First, it allows the parties to resolve things outside of the courts. This means a speedier settlement of the issues without having to contend with clogged court dockets. In sports-related disputes, time is of the essence. EJ will continue to have upcoming tournaments around the world in preparation for Paris 2024, and the longer his issue with PATAFA remains unresolved, the less time he could fully dedicate to training and ensuring his tip-top performance, clear of all political burdens.
Second, less time would also mean less costs. As mediation can be completed in a matter of days or weeks, the parties will be spending way less than in a typical protracted lawsuit. Not to mention, mediator fees are far less expensive than those commonly charged by law firms.
Last, it preserves the relationship of the parties. How does it do this?
First, it is a strictly confidential process. Meaning, all the parties present in the mediation process, including their counsels, the mediator, and even the mediation service provider (like PDRCI), are generally bound to keep confidential any information disclosed to them during the mediation. This allows the parties to flesh out and explore all possible options, without any outside influence.
Second, this also means that the disputing parties have greater control and flexibility over the proceedings. It is not a judge (nor the mediator) but the parties who ultimately decide on the win-win solution. When both parties are the negotiators and ultimate decision-makers, and the entire case is outside of public scrutiny, there is a higher possibility that a solution can be reached where both parties are satisfied.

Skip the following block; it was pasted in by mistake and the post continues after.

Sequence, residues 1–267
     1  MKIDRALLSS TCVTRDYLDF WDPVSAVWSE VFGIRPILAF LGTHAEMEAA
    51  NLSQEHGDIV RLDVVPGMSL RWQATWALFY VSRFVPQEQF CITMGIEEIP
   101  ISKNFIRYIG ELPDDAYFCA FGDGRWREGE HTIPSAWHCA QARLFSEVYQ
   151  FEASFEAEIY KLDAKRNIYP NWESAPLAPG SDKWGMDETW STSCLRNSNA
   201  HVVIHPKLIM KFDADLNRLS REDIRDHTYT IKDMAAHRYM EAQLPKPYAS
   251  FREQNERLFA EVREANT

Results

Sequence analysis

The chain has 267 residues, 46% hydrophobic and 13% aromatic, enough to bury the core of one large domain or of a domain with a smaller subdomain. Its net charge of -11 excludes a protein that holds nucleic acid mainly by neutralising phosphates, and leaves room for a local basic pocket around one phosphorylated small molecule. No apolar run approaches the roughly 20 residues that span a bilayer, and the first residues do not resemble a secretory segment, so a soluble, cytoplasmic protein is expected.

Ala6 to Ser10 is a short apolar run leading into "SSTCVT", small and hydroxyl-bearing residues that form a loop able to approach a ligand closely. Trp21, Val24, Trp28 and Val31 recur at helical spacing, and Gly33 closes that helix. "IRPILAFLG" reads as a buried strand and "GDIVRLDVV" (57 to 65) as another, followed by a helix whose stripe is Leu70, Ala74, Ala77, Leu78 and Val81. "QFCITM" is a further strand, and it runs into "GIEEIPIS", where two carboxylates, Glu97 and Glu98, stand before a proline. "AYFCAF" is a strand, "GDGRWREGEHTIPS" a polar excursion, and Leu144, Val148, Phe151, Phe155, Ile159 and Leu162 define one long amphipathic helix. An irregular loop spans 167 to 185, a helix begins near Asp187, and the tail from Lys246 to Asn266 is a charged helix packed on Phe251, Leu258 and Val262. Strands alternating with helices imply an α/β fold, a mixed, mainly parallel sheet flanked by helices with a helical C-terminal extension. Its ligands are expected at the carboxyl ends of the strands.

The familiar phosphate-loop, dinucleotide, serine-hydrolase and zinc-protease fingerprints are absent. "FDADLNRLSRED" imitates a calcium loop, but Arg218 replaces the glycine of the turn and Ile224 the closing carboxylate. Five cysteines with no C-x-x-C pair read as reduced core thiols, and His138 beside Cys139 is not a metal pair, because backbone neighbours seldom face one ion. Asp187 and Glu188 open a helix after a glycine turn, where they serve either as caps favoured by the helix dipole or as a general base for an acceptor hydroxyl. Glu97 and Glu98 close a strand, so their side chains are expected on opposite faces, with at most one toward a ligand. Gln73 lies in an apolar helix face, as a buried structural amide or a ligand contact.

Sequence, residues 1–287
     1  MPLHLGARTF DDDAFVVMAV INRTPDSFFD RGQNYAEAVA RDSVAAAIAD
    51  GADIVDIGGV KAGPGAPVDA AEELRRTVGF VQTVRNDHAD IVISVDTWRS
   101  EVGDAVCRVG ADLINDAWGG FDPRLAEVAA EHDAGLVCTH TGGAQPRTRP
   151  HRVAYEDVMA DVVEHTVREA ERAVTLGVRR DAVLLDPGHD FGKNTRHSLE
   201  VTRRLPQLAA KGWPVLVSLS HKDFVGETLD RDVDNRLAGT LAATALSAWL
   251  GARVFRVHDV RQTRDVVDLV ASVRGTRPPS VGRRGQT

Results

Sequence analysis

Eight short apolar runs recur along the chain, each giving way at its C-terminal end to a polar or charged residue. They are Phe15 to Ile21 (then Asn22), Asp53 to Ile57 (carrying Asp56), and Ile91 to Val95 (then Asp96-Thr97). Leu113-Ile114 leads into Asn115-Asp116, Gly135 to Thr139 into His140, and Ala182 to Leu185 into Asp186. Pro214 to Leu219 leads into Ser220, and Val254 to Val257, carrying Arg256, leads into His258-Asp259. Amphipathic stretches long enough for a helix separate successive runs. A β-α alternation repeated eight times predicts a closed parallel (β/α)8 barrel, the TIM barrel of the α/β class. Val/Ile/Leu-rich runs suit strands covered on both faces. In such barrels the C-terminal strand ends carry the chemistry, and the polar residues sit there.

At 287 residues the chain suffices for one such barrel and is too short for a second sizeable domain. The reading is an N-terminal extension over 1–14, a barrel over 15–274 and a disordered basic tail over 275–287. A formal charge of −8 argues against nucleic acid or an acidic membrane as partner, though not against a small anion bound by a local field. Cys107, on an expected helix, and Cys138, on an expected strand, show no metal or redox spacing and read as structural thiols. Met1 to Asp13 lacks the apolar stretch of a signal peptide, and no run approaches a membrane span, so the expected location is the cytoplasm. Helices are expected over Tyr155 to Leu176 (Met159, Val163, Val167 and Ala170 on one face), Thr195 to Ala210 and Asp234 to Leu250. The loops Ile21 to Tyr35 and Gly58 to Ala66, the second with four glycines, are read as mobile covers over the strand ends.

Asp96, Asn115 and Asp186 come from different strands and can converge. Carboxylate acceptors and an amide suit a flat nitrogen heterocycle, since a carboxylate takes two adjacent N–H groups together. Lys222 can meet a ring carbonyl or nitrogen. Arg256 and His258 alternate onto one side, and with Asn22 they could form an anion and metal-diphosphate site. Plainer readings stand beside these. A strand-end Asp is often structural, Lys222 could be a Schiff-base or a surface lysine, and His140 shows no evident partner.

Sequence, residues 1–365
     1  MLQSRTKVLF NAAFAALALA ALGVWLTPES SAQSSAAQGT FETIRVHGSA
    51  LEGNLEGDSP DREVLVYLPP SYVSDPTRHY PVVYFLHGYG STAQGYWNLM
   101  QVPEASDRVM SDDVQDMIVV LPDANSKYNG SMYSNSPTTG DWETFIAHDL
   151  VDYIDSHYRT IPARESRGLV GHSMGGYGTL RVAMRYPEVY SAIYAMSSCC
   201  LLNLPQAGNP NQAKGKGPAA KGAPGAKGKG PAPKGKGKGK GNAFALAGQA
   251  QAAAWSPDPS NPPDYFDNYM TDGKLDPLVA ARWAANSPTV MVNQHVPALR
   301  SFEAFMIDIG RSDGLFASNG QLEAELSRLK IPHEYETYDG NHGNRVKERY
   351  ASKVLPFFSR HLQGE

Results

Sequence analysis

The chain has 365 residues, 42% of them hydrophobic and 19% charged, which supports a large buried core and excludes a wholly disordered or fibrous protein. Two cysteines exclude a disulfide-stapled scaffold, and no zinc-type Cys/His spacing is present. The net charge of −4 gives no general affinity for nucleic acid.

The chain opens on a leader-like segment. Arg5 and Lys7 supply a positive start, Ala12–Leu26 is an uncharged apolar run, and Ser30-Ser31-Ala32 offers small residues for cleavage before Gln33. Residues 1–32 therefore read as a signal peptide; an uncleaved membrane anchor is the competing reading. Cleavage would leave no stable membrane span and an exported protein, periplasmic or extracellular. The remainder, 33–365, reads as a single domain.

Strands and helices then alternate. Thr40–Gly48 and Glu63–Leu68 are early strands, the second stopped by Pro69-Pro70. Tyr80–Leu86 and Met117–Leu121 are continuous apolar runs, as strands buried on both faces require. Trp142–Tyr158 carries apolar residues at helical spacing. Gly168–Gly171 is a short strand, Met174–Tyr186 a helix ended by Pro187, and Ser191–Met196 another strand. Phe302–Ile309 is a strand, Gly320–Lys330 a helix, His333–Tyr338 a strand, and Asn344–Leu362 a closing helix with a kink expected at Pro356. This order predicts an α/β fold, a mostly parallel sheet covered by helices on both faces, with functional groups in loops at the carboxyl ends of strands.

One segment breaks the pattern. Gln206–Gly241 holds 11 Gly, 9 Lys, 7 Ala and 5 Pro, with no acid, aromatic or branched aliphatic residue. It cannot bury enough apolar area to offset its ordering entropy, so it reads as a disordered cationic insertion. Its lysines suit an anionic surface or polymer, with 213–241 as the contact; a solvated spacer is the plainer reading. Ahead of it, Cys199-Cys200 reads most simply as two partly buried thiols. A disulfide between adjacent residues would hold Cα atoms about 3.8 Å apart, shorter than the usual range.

Third, mediation proceedings are informal in nature. As opposed to the parties facing a judge in court with a bunch of rules and procedures designed to separate them, mediation enables the parties to be more engaged with each other and the process, especially since the mediator is allowed to focus on each of the parties’ individual needs and interests rather than their submissions in written pleadings. It will also be less stressful on the parties compared to court litigation.
Given the confidentiality, greater control of the parties, and informality of the process, the parties will have better chances of preserving friendly relations, as the settlement agreement will be a product of their collaborative efforts and good faith negotiations.